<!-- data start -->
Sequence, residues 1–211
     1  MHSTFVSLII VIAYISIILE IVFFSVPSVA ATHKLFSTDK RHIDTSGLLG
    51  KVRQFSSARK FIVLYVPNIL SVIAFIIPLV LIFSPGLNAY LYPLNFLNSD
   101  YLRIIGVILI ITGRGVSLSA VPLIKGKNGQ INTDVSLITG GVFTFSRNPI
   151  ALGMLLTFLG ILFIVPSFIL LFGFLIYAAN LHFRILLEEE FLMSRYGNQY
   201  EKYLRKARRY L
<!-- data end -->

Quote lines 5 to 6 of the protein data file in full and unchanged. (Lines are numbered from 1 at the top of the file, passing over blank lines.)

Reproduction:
   151  ALGMLLTFLG ILFIVPSFIL LFGFLIYAAN LHFRILLEEE FLMSRYGNQY
   201  EKYLRKARRY L